Robert Walters, the subject of this week's cover story, "Dead End," was persistent, prosecutors say. After one man declined Walters's request to kill his wife, he turned to Rodrick Williams, a career criminal who accepted the job but then ratted Walters out to the police.
So who was the first man, the man who refused to carry out the hit? His name is Michael Leathers, and he has a dark past of his own.
In mid-May, nearly a year after Walters allegedly made the request, Leathers called the police and said he had information about the murder of Brittney Brashers, a 22-year-old Air Force member who died in November 2009. Walters, her former boyfriend, is accused of punching and choking her to death and then faking a car accident to cover it up. Police arrested Walters after his wife, Elena, whom he was two-timing with Brashers, told them that he confessed the murder to her.
Leathers and Walters were housed together in the Denver jail. Leathers told police that Walters had an "intense loathing for Elena" and believed she was "the sole piece of evidence" the prosecution had against him. He said he wanted her killed before the trial and asked Leathers if he could do it. Leathers says he declined the job.
Walters's defense attorneys are suspect of the reason Leathers gave for reaching out. "When Leathers is videotaped by Detective Bisgard, his reason for coming forth with this information is that he is feeling very altruistic. He does not ask for anything. However, there are two follow-up letters from Leathers to Bisgard seeking help in several areas: with his parole hearing, with his reconsideration hearing, as well as with a civil matter involving custody of his child," Fernando Freyre, one of Walters's public defenders, said in court.
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Indeed, records show a judge reduced the thirty-year-old's sentence at the request of prosecutors. Leathers is now serving the remainder of a two-year sentence for drug possession after parole officers found suspected marijuana, meth, baggies and a scale in his apartment, along with a handgun. Leathers' pregnant girlfriend claimed responsibility for the drugs and the gun, but Leathers decided to plead guilty anyway.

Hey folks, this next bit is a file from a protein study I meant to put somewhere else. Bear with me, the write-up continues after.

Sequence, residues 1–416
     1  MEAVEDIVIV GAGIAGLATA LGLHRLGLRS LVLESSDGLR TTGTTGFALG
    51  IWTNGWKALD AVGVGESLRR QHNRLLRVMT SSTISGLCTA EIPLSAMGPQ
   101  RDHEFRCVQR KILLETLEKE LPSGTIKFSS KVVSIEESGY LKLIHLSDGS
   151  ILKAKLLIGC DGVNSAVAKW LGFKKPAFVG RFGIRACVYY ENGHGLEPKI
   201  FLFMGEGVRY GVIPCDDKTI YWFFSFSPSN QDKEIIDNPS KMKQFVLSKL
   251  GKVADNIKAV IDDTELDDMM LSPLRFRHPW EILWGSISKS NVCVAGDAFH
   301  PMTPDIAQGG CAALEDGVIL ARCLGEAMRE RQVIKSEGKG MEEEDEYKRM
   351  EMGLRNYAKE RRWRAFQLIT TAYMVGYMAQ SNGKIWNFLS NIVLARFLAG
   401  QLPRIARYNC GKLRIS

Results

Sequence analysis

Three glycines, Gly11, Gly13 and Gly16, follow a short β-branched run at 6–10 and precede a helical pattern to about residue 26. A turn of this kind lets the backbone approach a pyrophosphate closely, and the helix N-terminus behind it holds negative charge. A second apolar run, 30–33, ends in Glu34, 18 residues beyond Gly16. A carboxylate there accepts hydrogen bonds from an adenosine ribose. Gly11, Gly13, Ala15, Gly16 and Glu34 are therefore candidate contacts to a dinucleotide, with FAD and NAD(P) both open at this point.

"I know that I have done nothing wrong," he wrote in a letter to the court, "but I am acutely aware of my past criminal history and the incredible risk involved in a trial."
Leathers's past criminal history looks bad. In 1999, when he was eighteen, he was arrested for attacking a 39-year-old homeless man named George Burdge, who made money playing harmonica on the 16th Street Mall.
According to court documents, Leathers was accused of luring Burdge to the bicycle path near Confluence Park by telling him he knew of a place to get something to eat. Several other young males were waiting for them, and the young men attacked Burdge. He woke up in the hospital the next day, his necklaces, wallet and watch missing. A nurse told him that someone had fished him out of the river.
Leathers was charged with attempted murder after another of the young men told police that Leathers only stopped beating Burdge when he thought the older man was dead.